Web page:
Registering your Kindle
If you bought your Kindle online using your Amazon account, it is already registered to you.
On older generation Kindles (with keyboard) it is actually possible out of the box. You just have to store them in a very specific way.
Create a folder named pictures in your Kindle's root directory.
Create folders with arbitrary names for the collections you want to create.
Copy the images into those collections.
Press Alt+Z to start the ...
Go to 'Manage Your Content and Devices' on Amazon.
In the 'Your Content' section on that page, locate the row for the book you wish to delete.
In that the row, locate and click on the Actions button.
Select the 'Delete' option.
NOTE: Though your Kindle Library will list Audible audiobooks, as well as Kindle ebooks, you cannot use this method to delete ...
.azw is basically .mobi with the possibility to add DRM. According to the wikipedia article you cited it even has less instead of more features. Since using DRM is kind of pointless if you also offer a DRM free .mobi version, there is no advantage.
.kf8 supports some HTML5 and CSS3 features which the other formats don't. This allows creating more advanced ...
I have Windows 10 and also use the PC software. Mine are stored in my "Documents" folder in subfolder "My Kindle Content". That would ordinarily be "%HOMEPATH%\Documents\My Kindle Content", but I have changed the location of my Documents folder to another drive.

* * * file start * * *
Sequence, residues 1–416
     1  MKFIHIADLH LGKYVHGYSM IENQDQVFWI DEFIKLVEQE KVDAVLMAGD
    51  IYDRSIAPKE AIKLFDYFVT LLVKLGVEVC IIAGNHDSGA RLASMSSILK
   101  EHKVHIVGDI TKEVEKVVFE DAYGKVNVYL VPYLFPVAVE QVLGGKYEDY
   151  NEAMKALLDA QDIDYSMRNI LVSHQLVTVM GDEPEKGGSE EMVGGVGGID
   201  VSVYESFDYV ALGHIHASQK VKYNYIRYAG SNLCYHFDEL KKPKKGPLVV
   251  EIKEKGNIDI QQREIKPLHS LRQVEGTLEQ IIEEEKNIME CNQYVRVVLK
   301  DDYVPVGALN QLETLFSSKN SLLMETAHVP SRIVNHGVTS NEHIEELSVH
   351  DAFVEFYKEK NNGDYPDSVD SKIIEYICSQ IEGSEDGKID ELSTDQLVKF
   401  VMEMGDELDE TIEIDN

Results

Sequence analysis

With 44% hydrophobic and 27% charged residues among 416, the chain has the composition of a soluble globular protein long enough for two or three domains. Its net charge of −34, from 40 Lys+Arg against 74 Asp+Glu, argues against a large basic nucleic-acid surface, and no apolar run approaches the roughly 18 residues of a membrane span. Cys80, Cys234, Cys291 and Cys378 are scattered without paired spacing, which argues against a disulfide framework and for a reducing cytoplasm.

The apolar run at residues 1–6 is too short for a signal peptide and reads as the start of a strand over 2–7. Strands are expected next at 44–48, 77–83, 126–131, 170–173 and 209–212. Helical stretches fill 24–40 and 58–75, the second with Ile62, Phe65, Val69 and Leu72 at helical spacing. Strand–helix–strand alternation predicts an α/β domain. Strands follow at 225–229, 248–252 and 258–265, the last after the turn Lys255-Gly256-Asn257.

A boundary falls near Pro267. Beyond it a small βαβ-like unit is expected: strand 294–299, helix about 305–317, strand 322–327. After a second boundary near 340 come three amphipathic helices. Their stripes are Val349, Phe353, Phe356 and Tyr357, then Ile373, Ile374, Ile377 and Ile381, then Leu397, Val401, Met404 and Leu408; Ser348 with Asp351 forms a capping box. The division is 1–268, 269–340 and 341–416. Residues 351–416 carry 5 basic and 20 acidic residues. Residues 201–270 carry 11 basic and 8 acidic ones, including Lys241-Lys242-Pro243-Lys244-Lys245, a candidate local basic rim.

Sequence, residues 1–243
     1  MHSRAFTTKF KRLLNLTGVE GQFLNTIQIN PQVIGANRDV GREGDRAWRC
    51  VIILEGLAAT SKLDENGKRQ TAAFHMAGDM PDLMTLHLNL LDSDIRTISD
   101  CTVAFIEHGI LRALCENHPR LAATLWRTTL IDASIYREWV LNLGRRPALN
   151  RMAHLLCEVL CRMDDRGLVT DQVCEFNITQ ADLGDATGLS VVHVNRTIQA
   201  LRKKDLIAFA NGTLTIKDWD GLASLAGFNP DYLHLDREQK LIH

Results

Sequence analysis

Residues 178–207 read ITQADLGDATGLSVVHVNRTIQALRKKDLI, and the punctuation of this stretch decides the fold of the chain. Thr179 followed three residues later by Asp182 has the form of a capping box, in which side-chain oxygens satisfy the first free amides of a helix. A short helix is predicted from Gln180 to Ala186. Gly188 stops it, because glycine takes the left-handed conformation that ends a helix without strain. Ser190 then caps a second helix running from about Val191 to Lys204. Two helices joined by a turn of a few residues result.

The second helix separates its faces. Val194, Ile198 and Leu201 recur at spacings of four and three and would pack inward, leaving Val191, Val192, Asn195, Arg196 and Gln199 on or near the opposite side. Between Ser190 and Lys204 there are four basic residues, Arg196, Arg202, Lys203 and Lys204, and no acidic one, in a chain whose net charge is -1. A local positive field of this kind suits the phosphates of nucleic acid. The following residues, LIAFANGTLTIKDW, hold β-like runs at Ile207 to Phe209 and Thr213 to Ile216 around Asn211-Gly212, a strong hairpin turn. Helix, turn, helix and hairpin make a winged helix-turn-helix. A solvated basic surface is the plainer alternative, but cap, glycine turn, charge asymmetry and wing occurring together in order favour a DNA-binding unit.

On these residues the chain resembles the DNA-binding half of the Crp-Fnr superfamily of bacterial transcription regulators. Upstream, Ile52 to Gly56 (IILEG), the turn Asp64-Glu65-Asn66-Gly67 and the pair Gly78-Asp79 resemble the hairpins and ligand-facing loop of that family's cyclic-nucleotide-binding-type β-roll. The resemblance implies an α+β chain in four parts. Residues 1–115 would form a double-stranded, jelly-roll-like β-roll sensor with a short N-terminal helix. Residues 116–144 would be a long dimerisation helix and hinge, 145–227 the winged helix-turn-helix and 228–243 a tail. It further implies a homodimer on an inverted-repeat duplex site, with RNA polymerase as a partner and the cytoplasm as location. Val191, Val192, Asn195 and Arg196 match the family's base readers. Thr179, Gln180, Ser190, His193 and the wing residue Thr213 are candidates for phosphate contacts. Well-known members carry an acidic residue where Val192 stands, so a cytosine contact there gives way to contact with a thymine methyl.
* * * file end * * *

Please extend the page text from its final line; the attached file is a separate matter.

On the Kindle app's toolbar go to "Tools|Options..." and click on the "Content" tab. Here you ...
There is a very easy way to do this with no extra software required. Since you asked about the Kindle specifically, you can just let Amazon take care of the conversion for you automatically.
Fist there is one time configuration. From the Amazon website, load up Manage Your Kindle. From there find Personal Document Settings in the menus. The first heading on ...
Interesting question. I'm sure a LOT of folks have the same issue.
PDFs are what are known as non-reflowable formats. That is the text is printed at certain xy coordinates on the paper (gross simplification). When PDF was designed they never envisioned screen size to shrink to that of an iPhone. Hence the need to zoom/pan when reading PDFs. You just can't ...
At least the following are supposed to work, although I haven't verified them:
;debugOn // verbose logging
;debugOff // non-verbose logging
~usbNetwork // starts a Dropbear SSH server
;ReadingTimeOff - switches off the reading time display
;ReadingTimeOn - switches on the reading time display
;ReadingTimeReset - resets the reading time computation